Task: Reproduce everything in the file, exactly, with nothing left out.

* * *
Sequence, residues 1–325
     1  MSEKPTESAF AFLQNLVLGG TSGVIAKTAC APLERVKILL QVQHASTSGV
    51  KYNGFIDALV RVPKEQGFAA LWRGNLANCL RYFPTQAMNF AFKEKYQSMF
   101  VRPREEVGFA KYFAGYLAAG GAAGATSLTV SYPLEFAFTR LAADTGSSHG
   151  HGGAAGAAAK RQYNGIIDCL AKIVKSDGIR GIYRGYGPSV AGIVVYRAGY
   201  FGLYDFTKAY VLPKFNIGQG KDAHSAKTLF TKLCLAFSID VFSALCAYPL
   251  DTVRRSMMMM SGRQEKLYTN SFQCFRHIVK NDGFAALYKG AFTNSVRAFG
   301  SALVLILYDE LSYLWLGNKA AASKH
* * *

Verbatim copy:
Sequence, residues 1–325
     1  MSEKPTESAF AFLQNLVLGG TSGVIAKTAC APLERVKILL QVQHASTSGV
    51  KYNGFIDALV RVPKEQGFAA LWRGNLANCL RYFPTQAMNF AFKEKYQSMF
   101  VRPREEVGFA KYFAGYLAAG GAAGATSLTV SYPLEFAFTR LAADTGSSHG
   151  HGGAAGAAAK RQYNGIIDCL AKIVKSDGIR GIYRGYGPSV AGIVVYRAGY
   201  FGLYDFTKAY VLPKFNIGQG KDAHSAKTLF TKLCLAFSID VFSALCAYPL
   251  DTVRRSMMMM SGRQEKLYTN SFQCFRHIVK NDGFAALYKG AFTNSVRAFG
   301  SALVLILYDE LSYLWLGNKA AASKH